American Foreign Fighters and the Islamic State: Broad Challenges for Federal Law Enforcement
Jerome P. Bjelopera, Specialist in Organized Crime and Terrorism (email@example.com, 7-0622)
September 19, 2014 (IN10154)
The Department of Homeland Security (DHS) has assessed that the terrorist group known as the
Islamic State (IS, previously referred to as ISIS or ISIL) currently poses no specific or credible threat to
the homeland. The Director of the National Counterterrorism Center (NCTC), Matthew G. Olsen, has
also noted that, "any threat to the U.S. homeland from these types of extremists is likely to be limited
in scope and scale," perhaps involving individuals acting without specific IS direction. In this vein,
policy makers continue to voice concerns about American IS fighters who may leave Syria or Iraq,
return to the United States, and strike targets on their own at home. This CRS Insight offers a
framework for considering the challenges to domestic security posed by American IS fighters and
outlines some of the ways that U.S. law enforcement responds to such challenges.
are American citizens, legal permanent residents, or aliens who radicalized in the
United States and plotted to or traveled abroad to join a foreign terrorist group.
There is scant publicly available information on Americans fighting for the Islamic State. However, the
Islamic State and its American acolytes may conceivably present at least three broad challenges for
domestic law enforcement. These challenges involve handling:
The Departed. A few Americans, often described as foreign fighters, have left the United States
to fight for the Islamic State. About 100 people from the United States have joined factions—not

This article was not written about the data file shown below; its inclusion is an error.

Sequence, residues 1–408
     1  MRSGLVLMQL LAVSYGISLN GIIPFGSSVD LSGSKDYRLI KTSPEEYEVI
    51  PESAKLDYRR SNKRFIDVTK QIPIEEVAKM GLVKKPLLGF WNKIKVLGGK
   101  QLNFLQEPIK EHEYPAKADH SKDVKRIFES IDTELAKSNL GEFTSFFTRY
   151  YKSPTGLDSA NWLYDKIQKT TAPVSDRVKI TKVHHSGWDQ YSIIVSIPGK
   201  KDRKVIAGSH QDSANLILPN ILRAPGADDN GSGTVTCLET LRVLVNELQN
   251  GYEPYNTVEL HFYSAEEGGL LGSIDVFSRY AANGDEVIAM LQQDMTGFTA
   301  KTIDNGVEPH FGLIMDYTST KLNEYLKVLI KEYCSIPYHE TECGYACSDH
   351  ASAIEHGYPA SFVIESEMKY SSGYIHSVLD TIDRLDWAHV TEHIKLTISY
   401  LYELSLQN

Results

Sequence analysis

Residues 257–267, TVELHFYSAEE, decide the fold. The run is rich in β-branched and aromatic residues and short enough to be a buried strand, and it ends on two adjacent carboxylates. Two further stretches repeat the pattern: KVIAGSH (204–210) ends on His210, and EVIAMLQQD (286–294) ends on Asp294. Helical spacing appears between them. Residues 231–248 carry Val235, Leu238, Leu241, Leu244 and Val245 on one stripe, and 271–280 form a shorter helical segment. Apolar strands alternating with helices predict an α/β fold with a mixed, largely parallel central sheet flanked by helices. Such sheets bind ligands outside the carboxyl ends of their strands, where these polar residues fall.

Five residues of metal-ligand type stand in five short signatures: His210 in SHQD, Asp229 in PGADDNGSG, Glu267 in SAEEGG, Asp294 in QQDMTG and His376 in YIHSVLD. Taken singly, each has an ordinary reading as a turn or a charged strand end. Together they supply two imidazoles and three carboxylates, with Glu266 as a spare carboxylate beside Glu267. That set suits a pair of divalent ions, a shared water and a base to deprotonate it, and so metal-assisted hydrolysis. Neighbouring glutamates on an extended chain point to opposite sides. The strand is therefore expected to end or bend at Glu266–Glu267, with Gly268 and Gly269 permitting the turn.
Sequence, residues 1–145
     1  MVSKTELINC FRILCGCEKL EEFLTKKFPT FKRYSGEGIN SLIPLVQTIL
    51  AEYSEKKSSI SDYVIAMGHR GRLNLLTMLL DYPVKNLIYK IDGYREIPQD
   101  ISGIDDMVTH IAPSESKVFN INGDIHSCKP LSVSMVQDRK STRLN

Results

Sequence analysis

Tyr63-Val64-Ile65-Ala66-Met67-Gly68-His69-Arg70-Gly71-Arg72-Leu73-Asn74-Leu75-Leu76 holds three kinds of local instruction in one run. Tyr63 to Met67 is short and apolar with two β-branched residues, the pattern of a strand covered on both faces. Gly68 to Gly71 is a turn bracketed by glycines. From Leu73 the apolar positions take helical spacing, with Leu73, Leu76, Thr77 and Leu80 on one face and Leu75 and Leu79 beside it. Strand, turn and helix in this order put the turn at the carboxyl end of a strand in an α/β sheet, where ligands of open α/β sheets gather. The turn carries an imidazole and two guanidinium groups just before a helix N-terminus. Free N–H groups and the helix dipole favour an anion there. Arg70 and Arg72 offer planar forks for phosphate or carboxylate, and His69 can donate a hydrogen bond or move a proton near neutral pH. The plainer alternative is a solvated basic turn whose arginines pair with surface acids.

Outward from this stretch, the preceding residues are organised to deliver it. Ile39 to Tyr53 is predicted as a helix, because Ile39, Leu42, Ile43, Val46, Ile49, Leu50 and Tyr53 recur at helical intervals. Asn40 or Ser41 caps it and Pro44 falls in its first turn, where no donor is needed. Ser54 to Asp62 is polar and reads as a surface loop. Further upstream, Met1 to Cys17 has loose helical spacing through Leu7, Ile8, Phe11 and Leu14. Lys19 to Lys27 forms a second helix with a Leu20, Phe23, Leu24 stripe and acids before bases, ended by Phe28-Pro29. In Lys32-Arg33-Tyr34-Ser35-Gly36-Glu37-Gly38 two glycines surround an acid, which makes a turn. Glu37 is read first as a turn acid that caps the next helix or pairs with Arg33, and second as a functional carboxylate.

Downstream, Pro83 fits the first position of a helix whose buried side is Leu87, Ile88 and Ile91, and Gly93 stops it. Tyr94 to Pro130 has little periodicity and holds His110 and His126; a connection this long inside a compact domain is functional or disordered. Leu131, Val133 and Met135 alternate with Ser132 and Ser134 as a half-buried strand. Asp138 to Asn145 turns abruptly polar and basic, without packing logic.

just the Islamic State—fighting in the Syrian civil war.
The Returned. These are American foreign fighters with terrorist training and/or battlefield
experience who may come back to the United States, where they can potentially plan and execute
attacks at home. There have been no public reports of Americans (or others) who fought with the
Islamic State coming back to the United States and conspiring to commit acts of terrorism. This
challenge for U.S. law enforcement also potentially includes fighters who radicalized in and
originated from other countries —particularly Western nations—and may enter the United States
when done fighting abroad.
The Inspired. The fighting in Syria and Iraq has spawned propaganda that may stir some
Americans to plot attacks at home without ever leaving to fight abroad. Promoting the cause—
propaganda—is central to terrorism. IS members appear adept at harnessing social media to
spread their message, among other means. There have been reports that the Islamic State has
an American helping to organize its social media output. The group has been described as
"extremely tech- and media savvy," dispersing varied propaganda materials; and while much of
this work has been geared at drawing recruits into the fight in Syria and Iraq, it may also inspire
people in the United States to radicalize and strike at home without venturing abroad.
Responding to the Challenges
It seems that the domestic threat potentially presented by IS—the departed, the returned, and the
inspired—largely requires identifying individuals who pose a danger and preempting their attempts to